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Loyalty programs help combat the marketer’s customer identity challenge

In a study on identity resolution from Forrester Consulting commissioned by Epsilon, Forrester found that, at best, only half of brands are capable of fundamental identity resolution capabilities, like finding customers across devices, controlling messaging frequency and building a unified customer profile. As marketers struggle to “connect the dots” between the ever-expanding number of devices customers use to connect with their brands, they often overlook an important ally in resolving customers’ identity across channels: a loyalty program.

For years, marketers have known that loyalty programs play an important role in tying customers’ transactional behavior back to a known individual in order to optimize marketing efforts. For instance, retailers can tie in-store purchases back to a customer simply with the scan of a loyalty card.

However, in our new digital-first age, many loyalty marketers miss out on how their loyalty program can help fuel their customer identity efforts. Customer identity management is foundational to modern marketing, as it helps brands understand who an individual customer is across multiple channels (and devices) to better target and optimize marketing efforts, including digital advertising. 

In order to manage the myriad of customer touchpoints that capture customer identity data, many marketers have chosen to build or partner with companies to maintain an identity graph or CDP (customer data platform) in order to create a single view of the customer across channels and devices.  Unfortunately, what is often overlooked is how a loyalty program can help fuel such identity management platforms in order to help a brand better recognize a customer across all channels.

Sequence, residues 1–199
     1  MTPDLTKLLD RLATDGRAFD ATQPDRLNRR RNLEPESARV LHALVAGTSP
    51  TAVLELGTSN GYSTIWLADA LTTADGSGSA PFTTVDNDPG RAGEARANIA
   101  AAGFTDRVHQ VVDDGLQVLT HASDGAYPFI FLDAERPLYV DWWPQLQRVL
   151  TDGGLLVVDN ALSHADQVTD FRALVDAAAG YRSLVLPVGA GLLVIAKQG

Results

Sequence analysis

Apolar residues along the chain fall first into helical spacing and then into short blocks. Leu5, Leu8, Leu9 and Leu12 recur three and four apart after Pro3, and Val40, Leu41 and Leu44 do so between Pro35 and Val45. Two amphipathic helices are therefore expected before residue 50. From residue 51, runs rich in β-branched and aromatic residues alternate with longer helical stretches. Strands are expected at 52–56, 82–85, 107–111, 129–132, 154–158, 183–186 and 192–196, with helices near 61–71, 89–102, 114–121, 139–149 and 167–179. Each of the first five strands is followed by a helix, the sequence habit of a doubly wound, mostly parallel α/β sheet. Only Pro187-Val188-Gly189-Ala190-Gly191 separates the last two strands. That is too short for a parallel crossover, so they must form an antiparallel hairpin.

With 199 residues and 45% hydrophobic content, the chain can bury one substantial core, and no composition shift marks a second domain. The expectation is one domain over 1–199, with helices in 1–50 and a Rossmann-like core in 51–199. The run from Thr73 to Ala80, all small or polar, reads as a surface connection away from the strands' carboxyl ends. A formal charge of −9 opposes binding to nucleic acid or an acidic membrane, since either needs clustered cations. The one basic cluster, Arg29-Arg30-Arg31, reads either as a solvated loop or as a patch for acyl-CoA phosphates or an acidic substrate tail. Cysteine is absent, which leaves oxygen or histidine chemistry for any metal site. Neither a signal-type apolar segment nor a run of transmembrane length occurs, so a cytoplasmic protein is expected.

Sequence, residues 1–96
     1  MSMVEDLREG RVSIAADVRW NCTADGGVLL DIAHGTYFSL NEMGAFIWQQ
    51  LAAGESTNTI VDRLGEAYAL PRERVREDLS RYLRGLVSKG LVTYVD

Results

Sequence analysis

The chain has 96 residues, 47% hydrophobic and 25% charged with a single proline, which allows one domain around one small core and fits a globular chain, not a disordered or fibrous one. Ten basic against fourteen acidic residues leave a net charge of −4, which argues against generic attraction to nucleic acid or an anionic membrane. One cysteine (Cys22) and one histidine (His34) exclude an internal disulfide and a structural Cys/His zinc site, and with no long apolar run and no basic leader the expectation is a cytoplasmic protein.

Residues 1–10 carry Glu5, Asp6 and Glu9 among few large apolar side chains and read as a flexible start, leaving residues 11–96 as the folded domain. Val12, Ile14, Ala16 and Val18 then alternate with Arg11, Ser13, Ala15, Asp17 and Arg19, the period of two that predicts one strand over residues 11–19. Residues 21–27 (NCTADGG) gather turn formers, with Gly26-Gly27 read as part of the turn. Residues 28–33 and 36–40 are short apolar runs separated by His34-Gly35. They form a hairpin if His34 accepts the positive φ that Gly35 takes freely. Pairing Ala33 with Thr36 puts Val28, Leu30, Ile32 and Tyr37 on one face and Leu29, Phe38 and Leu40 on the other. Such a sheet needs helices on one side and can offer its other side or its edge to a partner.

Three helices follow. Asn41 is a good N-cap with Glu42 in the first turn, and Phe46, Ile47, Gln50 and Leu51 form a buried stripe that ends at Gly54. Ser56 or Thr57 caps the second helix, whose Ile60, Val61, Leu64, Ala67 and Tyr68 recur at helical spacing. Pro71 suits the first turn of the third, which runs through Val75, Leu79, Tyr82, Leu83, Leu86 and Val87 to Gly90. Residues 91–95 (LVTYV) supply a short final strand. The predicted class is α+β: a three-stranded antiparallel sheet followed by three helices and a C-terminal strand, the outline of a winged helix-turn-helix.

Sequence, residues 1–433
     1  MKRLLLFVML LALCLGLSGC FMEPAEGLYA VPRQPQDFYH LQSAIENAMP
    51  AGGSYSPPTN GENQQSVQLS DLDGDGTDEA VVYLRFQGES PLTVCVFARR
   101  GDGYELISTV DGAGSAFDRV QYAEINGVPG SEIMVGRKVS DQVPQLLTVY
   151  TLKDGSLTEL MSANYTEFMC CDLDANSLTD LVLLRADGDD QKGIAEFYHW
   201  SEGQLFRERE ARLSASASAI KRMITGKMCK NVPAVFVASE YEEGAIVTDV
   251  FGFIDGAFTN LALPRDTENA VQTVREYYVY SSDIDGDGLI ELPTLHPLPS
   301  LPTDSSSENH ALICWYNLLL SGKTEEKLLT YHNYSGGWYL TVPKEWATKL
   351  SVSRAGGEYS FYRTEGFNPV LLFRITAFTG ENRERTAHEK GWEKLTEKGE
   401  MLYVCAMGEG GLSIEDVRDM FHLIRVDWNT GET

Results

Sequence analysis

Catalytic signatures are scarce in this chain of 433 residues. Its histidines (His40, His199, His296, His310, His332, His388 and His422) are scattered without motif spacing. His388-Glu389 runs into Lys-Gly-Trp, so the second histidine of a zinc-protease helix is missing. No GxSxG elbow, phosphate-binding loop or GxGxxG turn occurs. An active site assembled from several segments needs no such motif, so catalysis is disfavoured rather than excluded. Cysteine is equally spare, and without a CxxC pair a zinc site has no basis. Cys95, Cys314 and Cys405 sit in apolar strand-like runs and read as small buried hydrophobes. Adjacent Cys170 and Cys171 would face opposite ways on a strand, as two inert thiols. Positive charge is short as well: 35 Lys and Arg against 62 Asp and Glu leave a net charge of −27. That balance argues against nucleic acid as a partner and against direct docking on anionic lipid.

Watch now: The Real Deal: Big "L" Loyalty


 

Loyalty engagement powers identity

Winning loyalty programs are all about member engagement. Getting a member to enroll, updating them on their point balance, challenging them to reach the next level/tier are all examples of how a brand engages with a member as part of a loyalty program. And, with each engagement, the marketer has the opportunity to capture important data that ties a known member profile with the device they are engaging with. Additionally, since your loyalty program data is opted in, you can leverage it using an anonymous customer ID to communicate on a 1:You level.

For instance, upon enrollment, a customer provides some level of identifying information (e.g. email address, phone number, and in some cases physical address), which can easily and immediately be tied to the device they are using to perform the enrollment. Further, as a member interacts with the loyalty program communications (e.g. emails) and touchpoints (e.g. mobile app, website, and even the call center) they reinforce the connection between the customer and device. All of this loyalty engagement data is incredibly valuable to the marketer as it provides a high-volume source of customer-to-device connective identity data.


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Identity insights in action

Retailers, for example, will find numerous benefits by leveraging the identity data fueled by a loyalty program. The continual refresh of this data can be used for targeting “next best product” offers via digital media to program members, as identified audiences with purchase history can be used to target highly relevant digital advertisements

Further, marketers can expect a significant increase in identified web traffic on first party sites, which in turn can be used for better site personalization and browse-behavior driven email retargeting.

Additionally, loyalty program profiles containing multiple identifiers, such as physical address, email address, phone number, social media handles, etc. can serve as a “golden thread.” This thread stitches together data from other channels where a full profile is not captured, in many cases to make the interaction frictionless (e.g. capturing a phone number at the POS instead of having to provide a loyalty card).

The bottom line

While marketers have long used loyalty programs to tie transactional data back to a known customer, many miss the opportunity to use the same data to tie consumers to devices and, ultimately, fuel their larger customer identity management efforts. So, if you have a loyalty program today, ask how you are using engagement data to feed into your brand’s overall identity management strategy. You might just uncover an untapped source of data to help connect your brand to your customers.

**This post first appeared on L360.